Russia claims to be ‘tightening noose’ around Mariupol

Fighting reaches centre of southeastern port city as thousands still stranded

Fighting reached the centre of the besieged Ukrainian port city of Mariupol on Friday, as attempts to rescue people trapped under the rubble of a bombed-out theatre were again hampered by Russian shelling.

The Russian defence ministry said its forces were "tightening the noose" around the city, and that "fighting against nationalists" was taking place in the city centre. Mariupol's mayor Vadym Boichenko appeared to confirm the claims, telling the BBC that fighting was "really active".

“Tanks and machine gun battles continue,” he said. “Everybody is hiding in bunkers.”

More than 350,000 civilians have been stranded with little food or water in the city, which was under constant bombardment on Friday. Officials say more than 1,000 people may have been taking refuge in a bomb shelter underneath a theatre that was struck on Wednesday.


"More than 130 people have been saved," president Volodymyr Zelenskiy said in an address on Facebook. "But hundreds of Mariupol residents are still beneath the rubble." Mr Zelenskiy vowed to continue the rescue operation "despite shelling" by Russian forces. Local officials said they did not have any information about the number who had been killed but that one person was seriously injured.

In a call on Friday, French president Emmanuel Macron told Vladimir Putin he was "extremely concerned" about the situation in Mariupol, according to the French presidential office.

Anna, a 30-year-old photographer, managed to flee the city on Tuesday, making it to the nearby town of Berdyansk, in a car whose windows had been smashed during Russian shelling.

“Today a missile hit the shelter where we had been staying,” she said. “One family had left just before the strike, but they didn’t have a car so they set out to walk with their children all the way to Mariupol. They got very lucky because a complete stranger who was driving to Mariupol to get his relatives had empty seats so they’ve made it out of the city.”

Mr Boichenko said Mariupol “had no city centre left. There isn’t a small piece of land in the city that doesn’t have signs of war”.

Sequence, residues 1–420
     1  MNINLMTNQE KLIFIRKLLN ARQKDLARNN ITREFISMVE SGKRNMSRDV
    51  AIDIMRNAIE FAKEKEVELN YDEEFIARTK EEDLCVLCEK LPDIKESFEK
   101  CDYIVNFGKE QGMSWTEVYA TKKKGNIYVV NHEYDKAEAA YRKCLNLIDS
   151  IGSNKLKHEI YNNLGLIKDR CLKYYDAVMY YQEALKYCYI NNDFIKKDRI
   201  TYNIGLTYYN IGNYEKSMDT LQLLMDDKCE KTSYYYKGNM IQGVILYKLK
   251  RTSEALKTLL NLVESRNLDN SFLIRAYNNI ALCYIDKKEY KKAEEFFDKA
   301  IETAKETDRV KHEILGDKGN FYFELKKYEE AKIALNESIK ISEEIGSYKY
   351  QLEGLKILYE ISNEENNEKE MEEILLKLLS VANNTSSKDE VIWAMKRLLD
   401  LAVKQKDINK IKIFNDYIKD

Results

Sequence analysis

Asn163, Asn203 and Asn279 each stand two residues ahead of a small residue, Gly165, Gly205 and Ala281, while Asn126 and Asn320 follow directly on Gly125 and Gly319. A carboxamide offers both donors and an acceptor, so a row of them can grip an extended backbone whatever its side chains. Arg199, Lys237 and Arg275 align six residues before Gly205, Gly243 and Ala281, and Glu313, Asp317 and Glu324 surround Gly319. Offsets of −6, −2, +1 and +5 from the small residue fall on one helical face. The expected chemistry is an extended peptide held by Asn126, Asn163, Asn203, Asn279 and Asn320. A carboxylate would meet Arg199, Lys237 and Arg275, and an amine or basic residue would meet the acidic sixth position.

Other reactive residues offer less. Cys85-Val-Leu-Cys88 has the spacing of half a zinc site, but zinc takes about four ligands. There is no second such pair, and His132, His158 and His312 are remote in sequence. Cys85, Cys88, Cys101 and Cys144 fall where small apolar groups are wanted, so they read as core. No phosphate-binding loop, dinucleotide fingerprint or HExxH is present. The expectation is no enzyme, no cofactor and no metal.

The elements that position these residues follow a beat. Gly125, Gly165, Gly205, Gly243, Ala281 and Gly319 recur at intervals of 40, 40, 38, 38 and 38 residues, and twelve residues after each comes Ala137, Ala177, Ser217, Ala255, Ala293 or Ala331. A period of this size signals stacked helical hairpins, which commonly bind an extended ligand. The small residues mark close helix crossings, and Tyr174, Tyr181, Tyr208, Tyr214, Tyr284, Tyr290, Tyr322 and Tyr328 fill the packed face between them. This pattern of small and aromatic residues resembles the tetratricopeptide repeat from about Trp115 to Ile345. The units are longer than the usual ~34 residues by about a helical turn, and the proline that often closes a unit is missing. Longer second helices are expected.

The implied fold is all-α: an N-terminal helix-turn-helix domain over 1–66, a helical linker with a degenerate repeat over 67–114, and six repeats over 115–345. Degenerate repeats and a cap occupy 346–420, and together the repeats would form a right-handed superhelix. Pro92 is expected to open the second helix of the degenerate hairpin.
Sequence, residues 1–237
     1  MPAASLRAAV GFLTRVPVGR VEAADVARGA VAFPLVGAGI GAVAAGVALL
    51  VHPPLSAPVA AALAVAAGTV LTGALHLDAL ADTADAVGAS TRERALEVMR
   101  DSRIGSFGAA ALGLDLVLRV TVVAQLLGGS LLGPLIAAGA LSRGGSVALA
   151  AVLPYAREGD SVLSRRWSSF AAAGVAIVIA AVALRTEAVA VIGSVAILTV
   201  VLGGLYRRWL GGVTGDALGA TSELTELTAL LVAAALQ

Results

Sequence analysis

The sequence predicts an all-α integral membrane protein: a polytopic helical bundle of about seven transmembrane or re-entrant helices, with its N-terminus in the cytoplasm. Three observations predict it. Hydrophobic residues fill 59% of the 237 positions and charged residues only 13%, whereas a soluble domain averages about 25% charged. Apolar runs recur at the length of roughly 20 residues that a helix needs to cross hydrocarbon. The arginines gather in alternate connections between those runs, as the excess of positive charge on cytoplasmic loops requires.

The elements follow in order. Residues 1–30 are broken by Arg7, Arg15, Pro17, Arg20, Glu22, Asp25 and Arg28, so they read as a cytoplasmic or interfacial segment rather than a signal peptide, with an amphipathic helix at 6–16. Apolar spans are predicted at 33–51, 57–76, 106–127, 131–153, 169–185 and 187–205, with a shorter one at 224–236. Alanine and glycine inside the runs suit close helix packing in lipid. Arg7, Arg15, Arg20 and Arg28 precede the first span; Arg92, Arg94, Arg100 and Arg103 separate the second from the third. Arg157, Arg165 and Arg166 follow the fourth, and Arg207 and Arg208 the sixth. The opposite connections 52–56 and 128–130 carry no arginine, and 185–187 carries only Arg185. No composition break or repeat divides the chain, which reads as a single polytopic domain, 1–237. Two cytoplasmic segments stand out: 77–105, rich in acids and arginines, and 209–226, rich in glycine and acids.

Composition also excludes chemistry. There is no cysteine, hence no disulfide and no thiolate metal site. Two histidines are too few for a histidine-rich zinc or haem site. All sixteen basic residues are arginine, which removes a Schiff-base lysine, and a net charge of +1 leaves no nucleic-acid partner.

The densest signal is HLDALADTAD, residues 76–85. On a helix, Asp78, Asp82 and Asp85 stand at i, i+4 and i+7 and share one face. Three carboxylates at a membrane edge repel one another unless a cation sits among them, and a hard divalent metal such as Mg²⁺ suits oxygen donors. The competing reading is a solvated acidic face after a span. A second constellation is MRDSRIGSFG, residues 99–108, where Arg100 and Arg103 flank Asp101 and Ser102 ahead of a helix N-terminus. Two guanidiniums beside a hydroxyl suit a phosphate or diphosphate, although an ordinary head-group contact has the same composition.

Fears of spread

Earlier in the day, a Russian missile attack near Lviv airport raised fears of Mr Putin's war spreading to western Ukraine. A facility for repairing military aircraft by Lviv's international airport – only 70km from Poland's border – was hit by two cruise missiles fired from the Black Sea.

Ukrainian officials said they had shot down a further four missiles launched in the attack, the second on facilities near the historic city in recent days. The strikes raised the spectre of Ukraine losing what has so far been a relative haven and hub for refugees and humanitarian aid.

There were also reports of mass casualties after a missile attack on a Ukrainian army barracks in the southern city of Mykolaiv.

In the eastern city of Kharkiv, Ukraine's state emergency service said a multistorey teaching building had been shelled on Friday morning, killing one person, wounding 11 and trapping one other in the rubble.

Shells were also said to have struck the eastern city of Kramatorsk, killing two people and wounding six.

One person was killed and four others wounded after parts of a Russian missile fell on a residential building in the northern part of the Ukrainian capital, Kyiv. Emergency services said 12 people had been rescued and 98 evacuated from the five-storey block.

Cause for concern

The governor of Ukraine’s eastern Luhansk region said frequent and widespread shelling by Russian forces was preventing the safe evacuation of civilians from towns and villages on the frontline.

The attack near Lviv, where there were no reported casualties, will be a cause for concern for refugees and humanitarian agencies working in the city.

Russia has in recent days accused the West of exacerbating the war by supplying military aid via the western border, claiming such efforts were a legitimate military target.

James Heappey, a UK defence minister, said the attacks would not stop the British government and its allies from arming the Ukrainian forces."It is very much a part of war that you go after each other's supply lines. But the reality is this development will be a concern for people living in the west of Ukraine," he said.

Lviv, a Unesco world heritage site, had been largely untouched by bombings until Friday, although many of its 700,000 inhabitants had feared an attack was a matter of time.

The city has been described as the soul of Ukraine and a symbol of Ukrainian nationalism. Its citizens were among the strongest supporters of the country's separation from the Soviet Union.

On Friday, Putin told German chancellor Olaf Scholz during a phone call that Kyiv was "attempting to stall peace talks" with Russia but Moscow was still keen to continue negotiations. – Guardian